John Wick: Chapter 2

 

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The ghost of John Woo is alive and well and killing in New York - and Rome.

 
John Wick Chapter 2
 

There’s a scene in John Wick: Chapter 2 that is set on the rooftop of a New York building. There, Keanu Reeves meets up with Laurence Fishburne, the latter who is tending to his pigeons. Keanu plays the former hitman John Wick who has been forced out of retirement in order to honour an old pledge. Fishburne is the crime lord dubbed ‘The Bowery King’, and is only too aware of Wick’s current predicament, which has resulted in the wholesale slaughter of a multitude of heavily armed extras. “You’re not very good at retiring,” Fishburne observes. “I’m working on it,” comes Keanu’s reply. It’s a high note in a monotonous orgy of killing and Fishburne, in a roster of well-known faces, eats all his co-stars off the table. And, noting the $7 million bounty on John Wick’s head, he exclaims, “It’s Christmas! We’re going to Applebee’s after this.” It’s good to see the two actors together again, generating fond memories of their time in the altogether superior The Matrix. And as the Bowery King ministers to his pigeons, it recalls another ruthless criminal who sought similar avian respite, namely the drug dealer Marlo Stanfield in HBO’s The Wire.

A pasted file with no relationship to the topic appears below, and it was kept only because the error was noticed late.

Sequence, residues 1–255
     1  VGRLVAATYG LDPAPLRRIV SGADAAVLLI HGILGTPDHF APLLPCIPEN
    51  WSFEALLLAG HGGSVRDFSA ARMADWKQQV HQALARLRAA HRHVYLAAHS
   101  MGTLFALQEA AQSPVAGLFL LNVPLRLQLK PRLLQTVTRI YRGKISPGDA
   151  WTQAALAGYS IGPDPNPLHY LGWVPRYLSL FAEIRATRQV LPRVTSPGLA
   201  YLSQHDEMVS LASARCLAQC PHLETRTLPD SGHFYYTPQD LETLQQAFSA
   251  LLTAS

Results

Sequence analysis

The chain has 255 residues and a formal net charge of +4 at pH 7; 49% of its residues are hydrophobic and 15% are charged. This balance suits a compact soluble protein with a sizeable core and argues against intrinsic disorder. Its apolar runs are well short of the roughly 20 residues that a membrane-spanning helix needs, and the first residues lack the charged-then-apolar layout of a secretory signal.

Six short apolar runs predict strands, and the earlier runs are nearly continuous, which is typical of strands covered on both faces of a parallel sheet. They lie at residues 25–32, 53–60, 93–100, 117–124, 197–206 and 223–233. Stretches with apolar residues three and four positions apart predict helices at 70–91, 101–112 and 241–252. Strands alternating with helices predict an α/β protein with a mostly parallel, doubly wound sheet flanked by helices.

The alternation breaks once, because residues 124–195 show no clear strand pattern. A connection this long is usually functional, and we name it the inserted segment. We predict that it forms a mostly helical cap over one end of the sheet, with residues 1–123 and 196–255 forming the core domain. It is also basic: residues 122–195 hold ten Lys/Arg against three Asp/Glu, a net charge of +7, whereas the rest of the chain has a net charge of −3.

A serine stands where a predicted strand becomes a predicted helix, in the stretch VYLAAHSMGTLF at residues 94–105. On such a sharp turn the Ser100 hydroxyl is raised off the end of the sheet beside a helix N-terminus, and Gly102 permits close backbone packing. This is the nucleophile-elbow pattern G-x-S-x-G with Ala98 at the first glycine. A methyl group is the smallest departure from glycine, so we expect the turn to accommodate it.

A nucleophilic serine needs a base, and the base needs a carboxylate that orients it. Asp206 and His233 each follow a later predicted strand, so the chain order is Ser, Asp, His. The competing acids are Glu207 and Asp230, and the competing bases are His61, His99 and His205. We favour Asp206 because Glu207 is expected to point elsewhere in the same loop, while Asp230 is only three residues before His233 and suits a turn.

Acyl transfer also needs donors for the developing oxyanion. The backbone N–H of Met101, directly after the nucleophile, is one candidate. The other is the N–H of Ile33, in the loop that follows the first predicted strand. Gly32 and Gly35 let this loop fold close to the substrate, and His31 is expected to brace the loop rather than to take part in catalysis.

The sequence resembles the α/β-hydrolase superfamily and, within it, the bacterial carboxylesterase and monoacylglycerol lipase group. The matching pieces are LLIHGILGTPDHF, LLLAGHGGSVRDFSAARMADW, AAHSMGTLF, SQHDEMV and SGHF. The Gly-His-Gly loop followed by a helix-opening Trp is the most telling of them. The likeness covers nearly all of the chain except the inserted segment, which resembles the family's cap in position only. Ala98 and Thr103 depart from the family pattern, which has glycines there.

And that’s the problem with John Wick: Chapter 2: it is a hodgepodge of scenes nicked from better movies, culminating in that old favourite, the shootout in a hall of mirrors. There’s nothing original in this formulaic sequel, although in its later stages it does attain a certain bloody majesty, thanks largely to the sleek cinematography of Dan Laustsen and the unceasingly inventive production design of Kevin Kavanaugh. Starting out like a direct-to-video quickie peopled by sneering B-movie villains, the film moves into more grandiose John Woo territory, laced with a deadpan black humour. A large chunk of the sequel is dedicated to an interminable duel between Keanu and Common, which begins in Rome, pauses for a chummy drink at a hotel bar, and continues in the New York subway, where the two actors shoot at each other while strolling along with their seemingly oblivious fellow pedestrians. It’s surreal, to say the least. Fans of John Woo’s affinity for endless shootouts might think they’re getting their money’s worth, but video game devotees may feel they’ve already played the game.

 

JAMES CAMERON-WILSON

 

Cast: Keanu Reeves, Common, Laurence Fishburne, Riccardo Scamarcio, Ruby Rose, John Leguizamo, Ian McShane, Lance Reddick, Bridget Moynahan, David Patrick Kelly, Peter Stormare, Franco Nero, Peter Serafinowicz, Claudia Gerini.

 

Dir Chad Stahelski, Pro David Leitch, Basil Iwanyk and Erica Lee, Screenplay Derek Kolstad, Ph Dan Laustsen, Pro Des Kevin Kavanaugh, Ed Evan Schiff, Music Tyler Bates and Joel J. Richard, Costumes Luca Mosca.

 

Lionsgate/Thunder Road Pictures/87Eleven Productions-Warner Brothers.

122 mins. USA. 2017. Rel: 17 February 2017. Cert. 15.